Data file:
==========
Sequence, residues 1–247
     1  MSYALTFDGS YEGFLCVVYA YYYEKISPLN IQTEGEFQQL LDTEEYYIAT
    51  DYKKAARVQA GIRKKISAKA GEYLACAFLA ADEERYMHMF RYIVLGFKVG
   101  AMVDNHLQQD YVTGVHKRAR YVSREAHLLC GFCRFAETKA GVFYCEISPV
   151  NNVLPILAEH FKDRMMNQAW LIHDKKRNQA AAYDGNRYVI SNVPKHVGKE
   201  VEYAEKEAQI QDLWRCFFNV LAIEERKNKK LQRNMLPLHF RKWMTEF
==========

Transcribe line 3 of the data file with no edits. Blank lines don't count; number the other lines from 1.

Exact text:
    51  DYKKAARVQA GIRKKISAKA GEYLACAFLA ADEERYMHMF RYIVLGFKVG